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The Portable Command Guide: How it Works and Why You Should Build Your Own

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Scott Empson discusses how his handwritten "Engineering Journal" became the Portable Command Guide — and why you should turn your technical notes into your own Portable Command Guide.
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Quick – what’s the command to turn on authentication in OSPF using MD5?  Or the command that changes the k values in EIGRP?  Do you hate it when you type in a command incorrectly and the router spends what seems like hours (it really is only a few seconds, but it sure does seem like hours) trying to find that command out there in the enterprise, searching location  Do you really know all the steps involved in recovering a missing/forgotten password on a router or switch?  All of these happened to me at some point early on in my Cisco career, and I am guessing that some of these happened to you as well. So what do you do about it?  If you are really smart, you memorize every command and every keyword for every command and the placement of the command in the Cisco IOS  so that you can walk around like Sheldon from The Big Bang Theory and impress (or annoy) everyone you know with your amazing brain.  Or you can be like the rest of the population and take advantage of a small notebook and your own personal organizational style to create an Engineering Journal.  My engineering journals became so popular among some of my colleagues that they kept on borrowing mine, claiming that if I ever published it they would buy it.  So with the folks at Cisco Press behind me, my engineering journals became the basis of the Portable Command Guide Series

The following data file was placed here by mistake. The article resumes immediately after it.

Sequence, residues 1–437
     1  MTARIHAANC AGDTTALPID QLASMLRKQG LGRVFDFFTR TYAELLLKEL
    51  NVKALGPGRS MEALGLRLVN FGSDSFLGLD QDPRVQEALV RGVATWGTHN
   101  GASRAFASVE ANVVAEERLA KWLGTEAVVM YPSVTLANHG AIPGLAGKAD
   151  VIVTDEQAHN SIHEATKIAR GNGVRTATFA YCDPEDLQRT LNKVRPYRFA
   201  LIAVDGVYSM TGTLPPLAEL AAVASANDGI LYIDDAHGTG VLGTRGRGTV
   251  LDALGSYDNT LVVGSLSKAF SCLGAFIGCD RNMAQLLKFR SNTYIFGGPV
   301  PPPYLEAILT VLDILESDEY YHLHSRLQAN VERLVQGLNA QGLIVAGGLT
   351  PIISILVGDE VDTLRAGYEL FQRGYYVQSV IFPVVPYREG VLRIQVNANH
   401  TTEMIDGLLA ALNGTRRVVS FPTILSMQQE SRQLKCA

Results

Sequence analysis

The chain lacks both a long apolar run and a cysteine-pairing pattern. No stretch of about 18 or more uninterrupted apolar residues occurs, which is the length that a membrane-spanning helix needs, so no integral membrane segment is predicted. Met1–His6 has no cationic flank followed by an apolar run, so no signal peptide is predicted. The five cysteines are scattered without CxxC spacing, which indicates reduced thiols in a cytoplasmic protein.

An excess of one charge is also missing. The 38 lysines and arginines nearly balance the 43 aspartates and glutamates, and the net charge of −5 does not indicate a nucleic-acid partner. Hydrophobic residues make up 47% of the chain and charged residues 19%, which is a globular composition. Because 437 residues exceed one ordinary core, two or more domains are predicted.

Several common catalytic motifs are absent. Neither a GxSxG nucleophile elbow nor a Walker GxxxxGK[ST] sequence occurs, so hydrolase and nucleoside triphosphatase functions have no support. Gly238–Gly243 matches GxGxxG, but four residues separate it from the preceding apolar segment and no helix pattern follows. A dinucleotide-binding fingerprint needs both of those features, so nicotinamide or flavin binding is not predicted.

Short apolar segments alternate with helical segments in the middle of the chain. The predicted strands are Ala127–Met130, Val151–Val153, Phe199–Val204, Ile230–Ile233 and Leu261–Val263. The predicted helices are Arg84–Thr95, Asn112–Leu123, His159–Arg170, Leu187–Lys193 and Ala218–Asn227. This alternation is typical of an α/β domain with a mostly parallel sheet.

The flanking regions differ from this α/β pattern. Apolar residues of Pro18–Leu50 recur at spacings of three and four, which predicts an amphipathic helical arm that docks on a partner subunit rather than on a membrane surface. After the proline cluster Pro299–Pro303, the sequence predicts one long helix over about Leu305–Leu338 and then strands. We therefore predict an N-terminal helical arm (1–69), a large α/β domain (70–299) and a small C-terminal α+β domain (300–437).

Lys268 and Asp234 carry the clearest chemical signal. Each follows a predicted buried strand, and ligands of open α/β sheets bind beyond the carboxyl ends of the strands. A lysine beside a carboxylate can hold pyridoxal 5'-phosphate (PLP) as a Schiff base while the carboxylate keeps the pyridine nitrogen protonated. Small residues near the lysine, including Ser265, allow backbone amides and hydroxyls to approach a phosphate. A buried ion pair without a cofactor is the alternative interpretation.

I have long been a fan of what I call the “Engineering Journal” – a small, portable notebook that contains little nuggets of information such as commands that you forget, the IP addressing scheme of some remote part of the network, and little reminders about how to do something you only have to do once or twice a year but is vital to the integrity and maintenance of your network. This journal has been a constant companion by my side for the past 12+ years; I only teach some of these concepts every second or third year, so I constantly need to refresh commands and concepts, as well as learn new commands and ideas as they are released by Cisco. My journals were the best way for me to review, as they were written in my own words; words that I could understand. At least, I had better understand them, because if I didn’t, I had only myself to blame.

The first engineering journal I created was for the Cisco Academy BSCI (Advanced Routing) Instructor’s course. In the class we were able to write down lists of commands for use during the practical final.  Some of my classmates wrote down the commands, but I found that for me a command list wasn’t enough.  Although I was familiar with the theoretical concepts of what those commands were to do, some of the commands made perfect sense, while others didn’t.  As I got deeper into the course, the commands got longer and more complex.  In the Cisco world, not all commands work in all locations, so where the command was to be typed was (to me) equally as important as what was to be typed.